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First Zofran Bellwether Delayed Indefinitely Due To COVID-19

For massive multidistrict litigation taking on GlaxoSmithKline, the makers of anti-nausea drug Zofran, the bellwether trial has been delayed until likely next year due to COVID-19. After widespread claims emerged that the drug caused birth defects after pregnant women took it for morning sickness, the cases were consolidated in Massachusets district court back in 2015. But now, Judge F. Dennis Saylor IV has delayed the bellwether trial, citing the concern of spreading COVID-19 via a jury trial. Judge Saylor did, however, leave the door open for a late 2020 start date and invited the parties to propose creative ways to hold a safe trial during the pandemic.

The Road to MDL

Prior to the COVID-19 crisis throwing the judicial system into disarray, the Zofran lawsuits followed the common path of many pharmaceutical class action lawsuits—consolidation. In 2015, the District of Massachusetts consolidated 12 lawsuits claiming Zofran usage led to birth defects. Afterward, similar plaintiff claims continued to surface, and eventually swelled to a total of 423 plaintiff cases.

After consolidation in 2015, the Zofran case continued to move towards trial. In November 2016, Judge Saylor entered orders governing motions and discovery, stipulating a five-phase discovery schedule. The parties proceeded under the orders, moving into the fifth phase where discovery was conducted on the individual issues for the set of cases selected for bellwether trials. This bellwether discovery was scheduled for completion by October 2018.

Next, expert disclosures and Daubert motions were ordered to be completed by May and July 2019, respectively. Bellwether trial depositions, witness lists, exhibit lists, proposed jury instructions, and related objections motions were scheduled for completion dates of December 30, 2019. Summary judgment and dismissal motions were also dealt with for a few cases. Judge Saylor ordered completion dates of January 6, 2020, for trial briefs and a final pretrial conference. These deadlines were later bumped to March and April 2020.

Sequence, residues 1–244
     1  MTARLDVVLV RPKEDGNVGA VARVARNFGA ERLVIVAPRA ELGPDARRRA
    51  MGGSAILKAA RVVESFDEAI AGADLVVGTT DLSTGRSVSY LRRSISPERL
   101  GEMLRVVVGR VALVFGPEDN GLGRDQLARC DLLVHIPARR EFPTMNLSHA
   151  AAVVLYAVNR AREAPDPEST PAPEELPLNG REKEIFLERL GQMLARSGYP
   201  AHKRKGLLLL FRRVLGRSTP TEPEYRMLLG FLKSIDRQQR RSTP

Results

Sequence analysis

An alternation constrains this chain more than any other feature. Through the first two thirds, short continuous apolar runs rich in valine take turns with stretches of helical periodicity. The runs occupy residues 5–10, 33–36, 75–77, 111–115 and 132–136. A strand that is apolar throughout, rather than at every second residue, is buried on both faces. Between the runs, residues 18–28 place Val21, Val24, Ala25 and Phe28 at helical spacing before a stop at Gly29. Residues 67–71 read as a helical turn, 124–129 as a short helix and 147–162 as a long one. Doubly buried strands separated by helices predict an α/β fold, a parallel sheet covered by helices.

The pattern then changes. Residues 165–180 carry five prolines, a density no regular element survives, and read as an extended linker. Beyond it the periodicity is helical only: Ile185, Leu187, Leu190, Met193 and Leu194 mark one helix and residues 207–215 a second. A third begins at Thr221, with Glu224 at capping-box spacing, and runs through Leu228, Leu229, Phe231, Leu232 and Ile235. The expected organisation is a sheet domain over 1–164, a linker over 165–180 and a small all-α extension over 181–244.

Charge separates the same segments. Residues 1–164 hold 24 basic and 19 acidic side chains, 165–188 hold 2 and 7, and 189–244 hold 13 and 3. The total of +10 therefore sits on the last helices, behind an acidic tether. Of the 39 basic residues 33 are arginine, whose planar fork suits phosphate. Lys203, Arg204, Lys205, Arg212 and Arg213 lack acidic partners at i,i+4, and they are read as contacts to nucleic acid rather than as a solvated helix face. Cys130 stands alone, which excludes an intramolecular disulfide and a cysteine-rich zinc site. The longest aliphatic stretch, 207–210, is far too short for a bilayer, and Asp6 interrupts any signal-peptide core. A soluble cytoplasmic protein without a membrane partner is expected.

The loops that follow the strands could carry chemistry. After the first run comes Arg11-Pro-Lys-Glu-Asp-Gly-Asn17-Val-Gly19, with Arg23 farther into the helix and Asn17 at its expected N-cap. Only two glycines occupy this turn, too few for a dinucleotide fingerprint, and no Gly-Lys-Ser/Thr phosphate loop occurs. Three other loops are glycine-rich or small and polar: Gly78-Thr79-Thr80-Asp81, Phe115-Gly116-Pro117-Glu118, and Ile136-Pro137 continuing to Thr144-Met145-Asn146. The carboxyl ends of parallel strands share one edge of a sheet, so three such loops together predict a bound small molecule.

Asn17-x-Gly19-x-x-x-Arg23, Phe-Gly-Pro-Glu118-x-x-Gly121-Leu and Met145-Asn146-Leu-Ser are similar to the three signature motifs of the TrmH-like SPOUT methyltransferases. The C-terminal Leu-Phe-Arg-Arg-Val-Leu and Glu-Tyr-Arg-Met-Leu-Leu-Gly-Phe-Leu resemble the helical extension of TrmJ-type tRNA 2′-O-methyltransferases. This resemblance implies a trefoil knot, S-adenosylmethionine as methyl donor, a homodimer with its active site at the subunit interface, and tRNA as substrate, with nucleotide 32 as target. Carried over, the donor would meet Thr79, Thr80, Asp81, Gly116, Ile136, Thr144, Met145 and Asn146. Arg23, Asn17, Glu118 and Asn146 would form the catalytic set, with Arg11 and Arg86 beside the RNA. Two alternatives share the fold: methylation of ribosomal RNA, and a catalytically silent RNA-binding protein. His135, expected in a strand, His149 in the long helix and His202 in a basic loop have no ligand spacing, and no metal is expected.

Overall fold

Federal Preemption Motion Looms

Amidst the pretrial motions, GlaxoSmithKline (GSK) filed a motion to dismiss all consolidated civil suits based on federal preemption grounds. The pharma-giant defendant argued that the lawsuits are preempted because, on several occasions, the U.S. Food and Drug Administration (FDA) decided not to require warning labels concerning possible birth defects on Zofran. GSK has asked the FDA for input to support its claims but acknowledged that the FDA’s bandwidth is currently maxed due to the pandemic. Should the FDA accept GSK’s petition urging the federal agency to assert its claims, the consolidated cases could be dismissed.

But per the Supreme Court ruling in Merck v. Albrecht, Judge Saylor has the final responsibility to interpret the FDA’s rules. Though Judge Saylor commented that he would like to receive the FDA’s input for the preemption ruling, he explained he cannot delay indefinitely and may need to move forward with his singular judgment on the issue.